By Capt. Richard Thiel
The folks at Princess Yachts are a conservative lot. Look at their boats over the past decade and you’ll see a consistency in both design and engineering that’s rare in the boat business. This tradition makes the new V48 remarkable on two counts. One is its construction, and the other its power.
This is the first and only Princess to be powered by pods, specifically Volvo Penta IPS600s. The impetus behind this is the fact that it gives theV48 a full-beam master mid-cabin. Don’t let that term “mid-cabin” fool you. This is not one of those cuddys that require you to double over so you can climb into bed. There’s a lot of space here, plenty for most people to be able to move around freely without stooping, and thanks to large side-windows, everything is bathed in light when you raise the standard blinds. And like the stateroom up forward, this one has en suite facilities complete with an enclosed shower.
Princess also made another crafty move in laying out a U-shape cockpit, with only one starboard walkway to the side decks and standard hydraulic swim platform instead of having port and starboard walkways. Traffic flow is a more restricted this way, but in compensation you get seating for at least four more people. The cockpit is a very sociable area that works for dining, thanks to a hydraulic hi-lo table, and sunning, because it’s not covered, although an extendable sunshade is standard.
The V48 is also notable because it’s built using resin infusion. The first boat to get it was the V78, four years ago, and every new Princess since has been infused. Naturally when it was decided to finally end the run of the V45 (which never came to the United States), its replacement, the V48, was designed and engineered for infusion. Most builders say this process saves a lot of weight, but all the engineers on the dock on test day wanted to talk about was how the process makes for a much cleaner factory and a much more solid boat.
I can’t attest to the factory but I can tell you that this boat is as solid as a brick. Despite the three and four-footers on test day, we heard not a creak or groan when we repeatedly ran her up to full throttle (27 knots).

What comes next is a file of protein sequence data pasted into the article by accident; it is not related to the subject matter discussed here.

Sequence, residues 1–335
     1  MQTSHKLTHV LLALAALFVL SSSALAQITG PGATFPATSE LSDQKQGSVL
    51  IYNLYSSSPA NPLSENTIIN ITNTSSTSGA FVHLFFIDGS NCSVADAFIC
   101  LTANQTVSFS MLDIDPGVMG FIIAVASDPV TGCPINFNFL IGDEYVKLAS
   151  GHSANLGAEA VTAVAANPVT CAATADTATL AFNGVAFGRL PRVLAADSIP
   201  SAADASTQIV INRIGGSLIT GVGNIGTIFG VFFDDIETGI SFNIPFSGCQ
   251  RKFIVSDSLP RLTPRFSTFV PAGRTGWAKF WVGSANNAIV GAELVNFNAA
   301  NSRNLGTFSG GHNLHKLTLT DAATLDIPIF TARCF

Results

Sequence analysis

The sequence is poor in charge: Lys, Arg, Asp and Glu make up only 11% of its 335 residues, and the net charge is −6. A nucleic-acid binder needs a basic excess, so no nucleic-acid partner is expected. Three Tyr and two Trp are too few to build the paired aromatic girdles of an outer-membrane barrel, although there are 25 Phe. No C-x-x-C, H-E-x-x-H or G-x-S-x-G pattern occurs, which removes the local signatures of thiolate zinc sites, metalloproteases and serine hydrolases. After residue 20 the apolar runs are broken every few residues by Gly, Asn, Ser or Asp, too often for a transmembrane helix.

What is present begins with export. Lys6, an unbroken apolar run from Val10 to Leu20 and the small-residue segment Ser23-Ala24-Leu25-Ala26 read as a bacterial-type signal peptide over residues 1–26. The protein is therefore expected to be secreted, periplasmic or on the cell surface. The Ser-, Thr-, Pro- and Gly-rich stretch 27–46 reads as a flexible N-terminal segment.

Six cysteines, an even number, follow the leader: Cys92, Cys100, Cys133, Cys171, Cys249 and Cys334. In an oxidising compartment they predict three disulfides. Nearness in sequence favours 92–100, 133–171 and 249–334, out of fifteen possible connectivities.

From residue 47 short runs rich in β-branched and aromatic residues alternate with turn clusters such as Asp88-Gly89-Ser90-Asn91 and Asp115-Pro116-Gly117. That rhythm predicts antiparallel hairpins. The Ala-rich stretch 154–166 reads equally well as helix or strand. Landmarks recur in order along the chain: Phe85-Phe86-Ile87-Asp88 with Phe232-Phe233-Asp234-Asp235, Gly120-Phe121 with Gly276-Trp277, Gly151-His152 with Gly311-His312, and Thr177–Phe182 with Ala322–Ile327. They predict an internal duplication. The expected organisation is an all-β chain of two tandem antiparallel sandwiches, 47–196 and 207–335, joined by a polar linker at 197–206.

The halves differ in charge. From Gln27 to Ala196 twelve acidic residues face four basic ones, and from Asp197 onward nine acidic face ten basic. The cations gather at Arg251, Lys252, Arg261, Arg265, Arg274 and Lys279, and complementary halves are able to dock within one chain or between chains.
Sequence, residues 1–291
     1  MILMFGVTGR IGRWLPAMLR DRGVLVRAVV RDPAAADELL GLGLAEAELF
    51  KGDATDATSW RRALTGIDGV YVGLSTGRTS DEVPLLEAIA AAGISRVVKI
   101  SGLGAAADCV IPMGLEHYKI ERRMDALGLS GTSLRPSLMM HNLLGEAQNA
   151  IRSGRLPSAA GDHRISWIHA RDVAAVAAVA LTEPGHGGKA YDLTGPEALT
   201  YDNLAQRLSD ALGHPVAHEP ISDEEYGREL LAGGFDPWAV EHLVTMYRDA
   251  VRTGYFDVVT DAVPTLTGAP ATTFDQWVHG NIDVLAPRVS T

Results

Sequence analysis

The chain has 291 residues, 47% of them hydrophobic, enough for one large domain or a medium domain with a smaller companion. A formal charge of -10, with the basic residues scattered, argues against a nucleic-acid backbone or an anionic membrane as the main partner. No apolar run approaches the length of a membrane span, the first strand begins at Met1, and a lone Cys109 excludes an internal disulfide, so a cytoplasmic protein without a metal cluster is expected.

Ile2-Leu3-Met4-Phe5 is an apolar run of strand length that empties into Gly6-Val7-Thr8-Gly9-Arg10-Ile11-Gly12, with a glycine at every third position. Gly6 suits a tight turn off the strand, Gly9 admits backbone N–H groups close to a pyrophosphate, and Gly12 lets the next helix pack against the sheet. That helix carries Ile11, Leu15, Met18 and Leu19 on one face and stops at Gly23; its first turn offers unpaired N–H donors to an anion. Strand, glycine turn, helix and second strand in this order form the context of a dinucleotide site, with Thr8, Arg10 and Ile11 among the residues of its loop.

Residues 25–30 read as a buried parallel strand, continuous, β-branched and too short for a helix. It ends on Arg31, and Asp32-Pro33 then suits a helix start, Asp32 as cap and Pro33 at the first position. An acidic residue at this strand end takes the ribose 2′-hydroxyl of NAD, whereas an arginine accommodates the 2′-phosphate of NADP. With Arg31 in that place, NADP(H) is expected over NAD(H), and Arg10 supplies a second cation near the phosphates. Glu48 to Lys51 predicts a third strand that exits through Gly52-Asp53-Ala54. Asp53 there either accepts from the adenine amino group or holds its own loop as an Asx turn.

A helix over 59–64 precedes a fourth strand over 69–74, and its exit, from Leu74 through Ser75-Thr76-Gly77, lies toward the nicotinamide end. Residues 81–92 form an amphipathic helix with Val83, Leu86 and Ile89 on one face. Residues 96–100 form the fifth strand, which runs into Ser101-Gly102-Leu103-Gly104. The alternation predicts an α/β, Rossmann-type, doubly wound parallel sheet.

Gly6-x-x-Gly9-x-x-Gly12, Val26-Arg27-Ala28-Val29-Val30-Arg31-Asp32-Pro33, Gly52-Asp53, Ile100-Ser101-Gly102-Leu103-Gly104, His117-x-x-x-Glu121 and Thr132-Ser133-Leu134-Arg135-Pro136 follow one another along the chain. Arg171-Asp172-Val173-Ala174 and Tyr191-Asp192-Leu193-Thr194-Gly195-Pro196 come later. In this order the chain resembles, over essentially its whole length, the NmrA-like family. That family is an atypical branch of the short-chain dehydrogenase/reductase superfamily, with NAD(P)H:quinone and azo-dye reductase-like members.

The sensation of solidity was no doubt enhanced by notably low sound levels—just 71 db(A) at 3000 rpm (18.3 knots). Part of the reason for this is the solidity that comes with resin infusion, but part is also because this builder traditionally invests heavily in sound attenuation materials and techniques—even when they aren’t visually apparent. One example: Both saddle fuel tanks are wrapped in foil-lined acoustical insulation to preclude resonance, which if left unattended, will migrate to the rest of the boat.
For a builder hardly known for winging it, the IPS-powered V48 is an uncharacteristic gamble. But this is a company that always hedges its bets, and I’m wagering when its conservative customers see that big mid-cabin, they’ll take a very liberal approach to this boat.
Viking Sport Cruisers, 877-846-9874; www.princessyachts-us.com
: 39,020 lb.
: 330 gal.
: 80 gal.
: 2/ 435-mhp Volvo Penta IPS600 diesel pod drives
: Not available
: 2/435-mhp Volvo Penta IPS600 diesel pod drives
: Volvo/2.34:1 ratio
Oil changer for mains and genset ($4,025); bow thruster ($12,350); hi-lo cockpit table w/ fill cushion ($2,705); scissors berth in forward cabin ($7,090); electro-hydraulic swim platform ($36,315); Glendinning Cablemaster ($9,100); central vacuum ($1,600); voltage stabilizer transformer ($6,675); cockpit icemaker ($3,145).
Air temperature: 72°F; humidity: 55%; wind: 15-18 mph; seas 3-4'; load: 264 gal. fuel, 80 gal. water, 9 people, 500 lbs. gear. Speeds are two-way averages measured by onboard GPS. GPH taken from Volvo Penta display. Range is 90% of advertised fuel capacity. Decibels measured on A scale. 65 dB(A) is the level of normal conversation.